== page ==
‘Suitable environment should be created for nurturing this nascent and yet highly potential fuel source’
Land is one of the major challenges that would have to be handled strategically before India could tap its resources of shale gas, Chairman and Managing Director of Oil and Natural Gas Corporation, Sudhir Vasudeva, said.
Shale gas, which is natural gas trapped in shale formations, is being seen as a supplement to conventional oil and gas.
Delivering the keynote address at a discussion forum on “Shale gas: a game changer in energy” organised by the Bengal Chamber of Commerce and Industry, he said that shale gas needed large number of wells — two to six wells per sq. km.
“It is logical to apprehend severe land resistance, especially in areas such as Bardhaman in West Bengal where most land is arable.” Substantial amount of shale gas is found in the Damodar basin in this region. A pilot project has been launched by ONGC in Ranigunj and in North Karanpura.
Mr. Vasudeva said that strategic consideration was needed (by policy-makers) to make land owners agree to give land for development of these projects.
Given the rich recoverable deposits that had already been studied, there was scope for upward revision of existing estimates of the reserves of this fuel in India, he added.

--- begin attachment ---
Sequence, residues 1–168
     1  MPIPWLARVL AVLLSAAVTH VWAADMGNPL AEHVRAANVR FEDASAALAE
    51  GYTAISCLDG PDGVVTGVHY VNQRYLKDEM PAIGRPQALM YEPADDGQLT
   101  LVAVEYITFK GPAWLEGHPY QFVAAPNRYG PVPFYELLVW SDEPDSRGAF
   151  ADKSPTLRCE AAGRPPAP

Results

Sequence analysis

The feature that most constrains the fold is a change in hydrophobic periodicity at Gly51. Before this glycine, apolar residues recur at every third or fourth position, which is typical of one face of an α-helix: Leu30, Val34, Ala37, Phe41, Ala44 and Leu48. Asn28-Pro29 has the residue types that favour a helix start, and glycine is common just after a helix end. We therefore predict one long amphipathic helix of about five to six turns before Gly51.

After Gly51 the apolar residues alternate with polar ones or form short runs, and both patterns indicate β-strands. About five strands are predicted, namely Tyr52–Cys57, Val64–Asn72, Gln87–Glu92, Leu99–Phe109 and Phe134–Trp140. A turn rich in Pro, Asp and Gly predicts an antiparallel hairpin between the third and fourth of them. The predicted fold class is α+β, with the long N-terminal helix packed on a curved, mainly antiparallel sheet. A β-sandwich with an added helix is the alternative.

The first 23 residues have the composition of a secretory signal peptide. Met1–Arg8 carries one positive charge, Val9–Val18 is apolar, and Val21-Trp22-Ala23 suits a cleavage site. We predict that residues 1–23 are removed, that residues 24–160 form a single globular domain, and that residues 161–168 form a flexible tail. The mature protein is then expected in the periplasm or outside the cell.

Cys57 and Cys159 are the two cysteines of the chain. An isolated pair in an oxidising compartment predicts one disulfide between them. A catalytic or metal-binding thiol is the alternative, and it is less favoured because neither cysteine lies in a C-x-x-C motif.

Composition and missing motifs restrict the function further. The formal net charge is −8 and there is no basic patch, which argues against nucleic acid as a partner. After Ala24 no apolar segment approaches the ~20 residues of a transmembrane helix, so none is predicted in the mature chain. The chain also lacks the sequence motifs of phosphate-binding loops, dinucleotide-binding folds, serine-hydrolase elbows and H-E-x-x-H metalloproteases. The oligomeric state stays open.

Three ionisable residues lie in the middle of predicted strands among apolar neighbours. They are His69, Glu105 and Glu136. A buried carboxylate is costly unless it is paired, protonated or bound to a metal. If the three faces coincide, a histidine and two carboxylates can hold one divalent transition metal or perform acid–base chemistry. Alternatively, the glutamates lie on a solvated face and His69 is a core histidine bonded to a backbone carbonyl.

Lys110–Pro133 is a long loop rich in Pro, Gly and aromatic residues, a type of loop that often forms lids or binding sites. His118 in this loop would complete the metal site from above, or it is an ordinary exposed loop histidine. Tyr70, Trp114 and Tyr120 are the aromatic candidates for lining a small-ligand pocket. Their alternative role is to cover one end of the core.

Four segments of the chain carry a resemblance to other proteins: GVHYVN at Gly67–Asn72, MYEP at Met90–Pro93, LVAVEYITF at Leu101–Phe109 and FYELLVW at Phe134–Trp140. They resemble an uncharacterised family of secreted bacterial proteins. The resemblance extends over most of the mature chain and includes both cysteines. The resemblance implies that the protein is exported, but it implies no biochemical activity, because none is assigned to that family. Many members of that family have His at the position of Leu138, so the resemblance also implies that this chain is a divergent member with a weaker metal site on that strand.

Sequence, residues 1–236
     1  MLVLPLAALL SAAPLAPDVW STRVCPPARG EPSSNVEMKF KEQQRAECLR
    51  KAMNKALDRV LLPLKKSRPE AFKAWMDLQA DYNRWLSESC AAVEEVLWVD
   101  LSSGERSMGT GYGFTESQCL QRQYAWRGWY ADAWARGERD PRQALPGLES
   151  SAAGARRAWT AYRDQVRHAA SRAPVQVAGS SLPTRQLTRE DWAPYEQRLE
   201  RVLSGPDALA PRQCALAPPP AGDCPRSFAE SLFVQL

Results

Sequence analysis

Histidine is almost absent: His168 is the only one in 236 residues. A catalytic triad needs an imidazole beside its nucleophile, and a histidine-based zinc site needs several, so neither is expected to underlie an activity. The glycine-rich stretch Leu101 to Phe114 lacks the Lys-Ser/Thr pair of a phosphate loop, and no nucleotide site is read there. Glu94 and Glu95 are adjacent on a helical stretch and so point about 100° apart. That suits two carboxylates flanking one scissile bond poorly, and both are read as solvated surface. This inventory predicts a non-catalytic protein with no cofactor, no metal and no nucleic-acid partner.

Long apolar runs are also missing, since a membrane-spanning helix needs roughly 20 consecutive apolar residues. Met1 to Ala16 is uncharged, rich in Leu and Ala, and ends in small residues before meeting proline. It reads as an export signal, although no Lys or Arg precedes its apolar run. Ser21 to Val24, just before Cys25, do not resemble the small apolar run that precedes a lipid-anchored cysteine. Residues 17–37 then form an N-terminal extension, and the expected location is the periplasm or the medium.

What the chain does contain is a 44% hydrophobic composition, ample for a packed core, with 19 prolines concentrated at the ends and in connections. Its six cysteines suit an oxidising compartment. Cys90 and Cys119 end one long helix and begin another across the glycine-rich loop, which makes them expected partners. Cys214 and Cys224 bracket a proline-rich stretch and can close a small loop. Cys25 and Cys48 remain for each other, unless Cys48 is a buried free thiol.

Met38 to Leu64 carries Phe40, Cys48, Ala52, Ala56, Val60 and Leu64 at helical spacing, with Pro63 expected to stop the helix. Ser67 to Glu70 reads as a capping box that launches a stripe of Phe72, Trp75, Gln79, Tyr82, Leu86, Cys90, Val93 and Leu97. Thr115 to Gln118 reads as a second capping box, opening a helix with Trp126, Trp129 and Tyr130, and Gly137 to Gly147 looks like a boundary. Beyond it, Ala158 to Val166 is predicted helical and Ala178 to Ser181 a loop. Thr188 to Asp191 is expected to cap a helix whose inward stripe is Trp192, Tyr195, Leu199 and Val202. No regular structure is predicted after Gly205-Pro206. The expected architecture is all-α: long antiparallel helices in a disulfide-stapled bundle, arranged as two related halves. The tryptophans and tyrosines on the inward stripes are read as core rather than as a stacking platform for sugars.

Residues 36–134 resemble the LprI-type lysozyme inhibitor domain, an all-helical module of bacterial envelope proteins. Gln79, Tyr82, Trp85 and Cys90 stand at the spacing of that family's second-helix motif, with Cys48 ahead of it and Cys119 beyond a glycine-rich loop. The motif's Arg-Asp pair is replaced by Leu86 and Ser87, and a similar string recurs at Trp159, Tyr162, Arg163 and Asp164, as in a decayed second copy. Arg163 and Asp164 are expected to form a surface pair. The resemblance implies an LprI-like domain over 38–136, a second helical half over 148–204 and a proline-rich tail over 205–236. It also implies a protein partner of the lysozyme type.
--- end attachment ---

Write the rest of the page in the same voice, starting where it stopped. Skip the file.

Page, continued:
“Amid numerous challenges in shale gas exploitation, Indian regulators should create an environment suitable for nurturing this nascent and yet highly potential fuel source,” he said.
He said ONGC was a front-runner in shale gas exploitation. The company had entered into an MoU with ConocoPhillips for undertaking further studies in four potential basins and plan for development of shale gas. Under the 2030 perspective plan, ONGC had created a centre of delivery for shale gas which was responsible for furthering the shale gas crusade in India.
“We are waiting for the first bid round of shale gas blocks proposed to be offered in late 2013,” he said.
West Bengal Industries Minister Partha Chatterjee said that the state would set up an expert committee to examine the entire issue (on West Bengal’s potential for developing this resource, and its problem with land availability). “I will talk to the Chief Minister,” he said.